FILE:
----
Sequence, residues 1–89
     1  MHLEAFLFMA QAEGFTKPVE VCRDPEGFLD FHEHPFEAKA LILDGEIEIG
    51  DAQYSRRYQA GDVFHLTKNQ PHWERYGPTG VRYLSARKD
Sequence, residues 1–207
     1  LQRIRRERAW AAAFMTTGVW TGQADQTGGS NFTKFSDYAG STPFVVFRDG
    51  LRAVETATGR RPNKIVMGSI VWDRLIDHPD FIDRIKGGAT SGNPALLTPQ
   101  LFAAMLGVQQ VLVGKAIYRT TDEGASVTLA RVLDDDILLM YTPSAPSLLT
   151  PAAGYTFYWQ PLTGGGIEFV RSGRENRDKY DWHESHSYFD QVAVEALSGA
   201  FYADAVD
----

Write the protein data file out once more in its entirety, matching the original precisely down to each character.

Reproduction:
Sequence, residues 1–89
     1  MHLEAFLFMA QAEGFTKPVE VCRDPEGFLD FHEHPFEAKA LILDGEIEIG
    51  DAQYSRRYQA GDVFHLTKNQ PHWERYGPTG VRYLSARKD
Sequence, residues 1–207
     1  LQRIRRERAW AAAFMTTGVW TGQADQTGGS NFTKFSDYAG STPFVVFRDG
    51  LRAVETATGR RPNKIVMGSI VWDRLIDHPD FIDRIKGGAT SGNPALLTPQ
   101  LFAAMLGVQQ VLVGKAIYRT TDEGASVTLA RVLDDDILLM YTPSAPSLLT
   151  PAAGYTFYWQ PLTGGGIEFV RSGRENRDKY DWHESHSYFD QVAVEALSGA
   201  FYADAVD